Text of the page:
Visualizing The World Using Power BI
In this data-driven era where we all find ourselves encompassed by an enormous swarm of data, the power lies in the hands of the people who can understand and derive meaning from it. Microsoft’s Power BI is an immensely powerful data visualization and business intelligence tool with its simple, streamlined, and powerful structure making it a popular choice for thousands of individuals and organizations worldwide to aggregate, analyze, visualize and share their data. In this blog, we will deep dive and explore some of the most interesting features of Power BI, which can help enhance any dashboard!
Power BI integrates Artificial Intelligence with Business Intelligence, by providing visuals such as ‘ Quick Insights’, which automatically helps identify trends in data, and the ‘Q&A’ feature, which allows business users to obtain answers by simply asking questions.
The Q&A Visual
As can be seen in the “Q&A” visual shown below, the user asks a question,
“What is the most profitable month?”
The visual correctly mentions “January” and “March” as the most profitable (in terms of the sales made). Similar questions can be asked, and various performance indicators can be defined. The visual can be left in a ‘Q&A state’, allowing the user to ask questions. Else, if a certain visual which was created by asking a question, needs to be retained, it can be converted into a standard visual.
One of the earliest AI features introduced by Microsoft in Power BI, the “Key influencers” visual, understand, and display the key factors and trends influencing a specific metric, using logistic regression. The visual takes a parameter ‘analyze’, which is to be explained using other parameters which can be given in the ‘explain by’ field.
The following visual shows that the sales increase with the increase in the number of customers in a month.
Azure Cognitive Services
Azure Cognitive Services are powerful machine learning models that have been pre-trained for intelligent applications. These models can be used by analysts to extract information from photos using image detection.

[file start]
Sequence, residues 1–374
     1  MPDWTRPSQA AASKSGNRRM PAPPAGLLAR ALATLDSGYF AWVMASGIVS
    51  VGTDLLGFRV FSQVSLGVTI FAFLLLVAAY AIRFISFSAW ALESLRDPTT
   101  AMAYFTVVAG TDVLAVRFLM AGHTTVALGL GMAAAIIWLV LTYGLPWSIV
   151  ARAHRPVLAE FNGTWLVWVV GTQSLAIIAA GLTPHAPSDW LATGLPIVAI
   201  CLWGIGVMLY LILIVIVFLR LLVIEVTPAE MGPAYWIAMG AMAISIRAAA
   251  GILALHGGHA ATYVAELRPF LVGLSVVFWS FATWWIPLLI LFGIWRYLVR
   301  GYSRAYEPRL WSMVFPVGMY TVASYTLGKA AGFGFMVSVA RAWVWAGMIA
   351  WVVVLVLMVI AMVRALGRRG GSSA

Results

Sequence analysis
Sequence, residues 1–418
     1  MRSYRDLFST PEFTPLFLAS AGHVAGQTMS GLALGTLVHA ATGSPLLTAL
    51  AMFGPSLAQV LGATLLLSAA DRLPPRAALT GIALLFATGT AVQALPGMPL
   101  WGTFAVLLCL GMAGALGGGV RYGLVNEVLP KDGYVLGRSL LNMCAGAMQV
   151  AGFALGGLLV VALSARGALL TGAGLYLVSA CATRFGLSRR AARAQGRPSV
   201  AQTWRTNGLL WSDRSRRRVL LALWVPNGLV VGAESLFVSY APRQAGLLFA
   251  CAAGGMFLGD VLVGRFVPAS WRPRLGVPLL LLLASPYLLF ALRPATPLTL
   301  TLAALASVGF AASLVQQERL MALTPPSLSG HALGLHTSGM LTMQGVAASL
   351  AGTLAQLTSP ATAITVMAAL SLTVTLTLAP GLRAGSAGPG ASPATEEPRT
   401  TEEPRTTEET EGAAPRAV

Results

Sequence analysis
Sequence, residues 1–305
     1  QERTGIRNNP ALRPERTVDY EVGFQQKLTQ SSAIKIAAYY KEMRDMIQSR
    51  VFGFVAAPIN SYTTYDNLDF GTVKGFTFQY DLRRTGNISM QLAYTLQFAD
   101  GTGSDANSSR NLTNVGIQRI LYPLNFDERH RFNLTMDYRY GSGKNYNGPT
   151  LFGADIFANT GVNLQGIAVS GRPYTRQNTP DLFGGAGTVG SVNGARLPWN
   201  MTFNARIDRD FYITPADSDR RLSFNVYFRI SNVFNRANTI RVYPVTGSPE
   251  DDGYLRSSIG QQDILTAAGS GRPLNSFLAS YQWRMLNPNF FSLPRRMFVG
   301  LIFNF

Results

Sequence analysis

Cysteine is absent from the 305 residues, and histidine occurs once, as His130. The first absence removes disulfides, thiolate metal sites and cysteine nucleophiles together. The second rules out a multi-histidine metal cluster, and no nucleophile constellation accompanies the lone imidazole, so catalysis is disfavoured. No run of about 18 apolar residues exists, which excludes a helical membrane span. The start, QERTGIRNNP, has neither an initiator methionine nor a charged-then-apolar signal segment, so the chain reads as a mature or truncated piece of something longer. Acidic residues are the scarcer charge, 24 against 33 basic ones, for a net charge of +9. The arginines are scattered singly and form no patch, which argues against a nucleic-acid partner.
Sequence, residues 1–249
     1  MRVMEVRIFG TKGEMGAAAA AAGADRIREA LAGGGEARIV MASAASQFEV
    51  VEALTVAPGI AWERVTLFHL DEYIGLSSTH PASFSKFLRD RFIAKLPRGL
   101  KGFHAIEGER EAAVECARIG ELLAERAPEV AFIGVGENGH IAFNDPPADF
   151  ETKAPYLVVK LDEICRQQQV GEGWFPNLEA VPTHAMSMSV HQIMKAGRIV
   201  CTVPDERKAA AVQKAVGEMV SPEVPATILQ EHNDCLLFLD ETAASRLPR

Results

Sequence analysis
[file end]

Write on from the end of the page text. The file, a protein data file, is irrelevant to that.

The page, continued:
More than 2,000 recognized items, living beings, scenery, and actions are used to generate tags in the Tag Images function. Computer Vision algorithms generate tags based on the objects, live beings, and actions identified in an image after an image is uploaded or an image URL is specified. Tagging comprises the surroundings (indoor or outdoor), furniture, equipment, plants, animals, accessories, gadgets, and so forth, in addition to the main topic, such as a person in the front.
As input, this function requires an image URL or an abase-64 column, and this feature is currently available in English, Spanish, Japanese, Portuguese, and Chinese.
Also, customer feedback, for example, can be examined for positive and negative sentiment as well as important terms retrieved. End users can effortlessly consume all of these AI enhancements through interactive Power BI reports.
One such example of how text analytics is applied in Power BI is of a movie theater chain spread across various regions. By monitoring the sentiment of customer reviews and tweets, the organization leverages Power BI AI capabilities to learn how they may improve their visitor experience. They structure and analyze all customer feedback using text analytics in Power BI, which enables them to rate the sentiment of the visitors' reviews without having to engage in data science.
Consider the following dataset which includes the customer details and their feedback.
Using the Text Analytics feature of Power BI, we can perform language detection, key phrase extraction, and Sentiment scoring.
Using the feedback column in data, we calculate the sentiment scores of each customer feedback, and by defining conditions, we categorize them into different categories, ‘Positive’, ‘Negative’ and ‘Neutral’.
Azure Machine Learning